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Knights of the Old Republic was a point-and-click adventure game for that Halo console.
Based on the 2002 Matt Damon film of the same name, Robert Ludlum's Knights of the Old Republic follows a young transgendered amnesiac named Jays-wan Bournobi, who travels the galaxy killing people left and right before receiving the shocking revelation that (s)he is the killer known as Darth Revan (spoiler alert). The game is set 65,000,000 years ABY.
In 1997, a memo circulated the offices of LucasFilm regarding the Final Fantasy series of roleplaying games, which had been appropriating the names of Star Wars characters without authorization. In particular, the game Final Fantasy VII featured a pair of supporting characters early in the game called "Death Star Gunner" and "Jabba Puppeteer #3". After months of debate over potential avenues of litigation, someone at LucasFilm brought up a stunning suggestion: "Why not make our OWN game?" The idea was largely met with disapproval, given the company's historic lack of success with Star Wars-licensed games. After a long period of argument, the game was given a green-light, but with a major precondition: it was 2001, and George Lucas had just begun figuring out the story of his prequel film trilogy (an especially daunting task given Lucas's having already released the first film of the trilogy two years earlier). Lucas therefore forbade the use of any of the characters from the films.
Translation Errors Edit
The game designers ignored this one rule, but a series of mishaps during the back-and-forth with the game's overseas programmers resulted in a game that obeyed Lucas's proscription nonetheless. Notable examples of changes that arose from the language barrier include:
- The Millennium Falcon - In the completed game, the Falcon has undergone a slight redesign and been dubbed the Ebon Hawk.
- R2-D2 and C-3PO - The droid sidekicks from the films were both repainted and renamed. C-3PO was changed from a diplomatic translator droid to a brutal assassin, without any noticable change in personality.
- The Force - Instead of seeking Force mastery, characters are instructed in ways to become more "Like Mike". Players cannot use Force powers unless their character has "Air Jordans" equipped.
The game featured a groundbreaking morality simulator, in which the player's conversation choices determine whether Revan becomes a Jedi or a Sith. For example, if given the following dialogue options:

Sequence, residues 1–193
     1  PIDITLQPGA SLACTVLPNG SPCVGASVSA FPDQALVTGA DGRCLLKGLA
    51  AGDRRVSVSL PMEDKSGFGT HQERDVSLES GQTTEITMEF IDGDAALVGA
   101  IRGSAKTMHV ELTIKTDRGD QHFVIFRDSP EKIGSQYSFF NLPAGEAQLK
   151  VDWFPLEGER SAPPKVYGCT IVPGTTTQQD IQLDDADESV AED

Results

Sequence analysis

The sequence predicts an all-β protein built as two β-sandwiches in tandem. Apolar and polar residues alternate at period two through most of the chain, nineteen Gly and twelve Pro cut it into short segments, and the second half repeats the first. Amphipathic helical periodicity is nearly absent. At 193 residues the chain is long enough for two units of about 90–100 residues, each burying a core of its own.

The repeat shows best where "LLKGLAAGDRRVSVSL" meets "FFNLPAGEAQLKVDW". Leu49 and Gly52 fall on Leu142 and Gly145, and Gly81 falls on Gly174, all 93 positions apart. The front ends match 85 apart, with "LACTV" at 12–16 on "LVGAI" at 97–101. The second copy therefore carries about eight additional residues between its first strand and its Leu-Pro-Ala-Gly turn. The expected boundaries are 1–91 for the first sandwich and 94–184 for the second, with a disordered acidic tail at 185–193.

1."Please give me the datacard. If your poverty-stricken life is too hard for you to hand it over for free, I'll gladly pay you 10,000 credits."
2. "Can I have that datacard?"
3. "Could you give me that datacard?"
4."I kill you! MWAHAHA the datacard is MINE! I want to nail puppies to the wall and eat their souls!!!!"
Choice 1 would yield a .01% move towards Light Side mastery, while Choice 4 would move .01% towards the Dark Side. Meanwhile, Choice 3 would move the player almost completely to the Light Side while Choice 2 would move almost completely to the Dark Side. This realistic simulation of Jedi ethics led to the game's use in training programs for parking meter attendants across the United States and Canada.
Knights of the Old Republic (or KnitOlic as it came to be known by fans) received a great deal of praise. Star Wars fans gave the game an average score of 14.5/10, with comments ranging from, "Lightsabers!!!OMG" to, "It says Star Wars on the box. Of COURSE I like it." KnitOlic also garnered recognition from the general public who, while confused about why Revan and not Han Solo was piloting the Millennium Falcon (as well as why the Falcon had been remodeled and renamed Ebon Hawk), greatly appreciated the opportunity to revisit the desert planet Tatooine, which upon the game's release had only been featured in four out of five Star Wars films (this would change with the release of Episode III: Why Weren't the Other Two Like This? which brought the total to five of six). "Hooray for Sandpeople and Jawas! They NEVER get old!"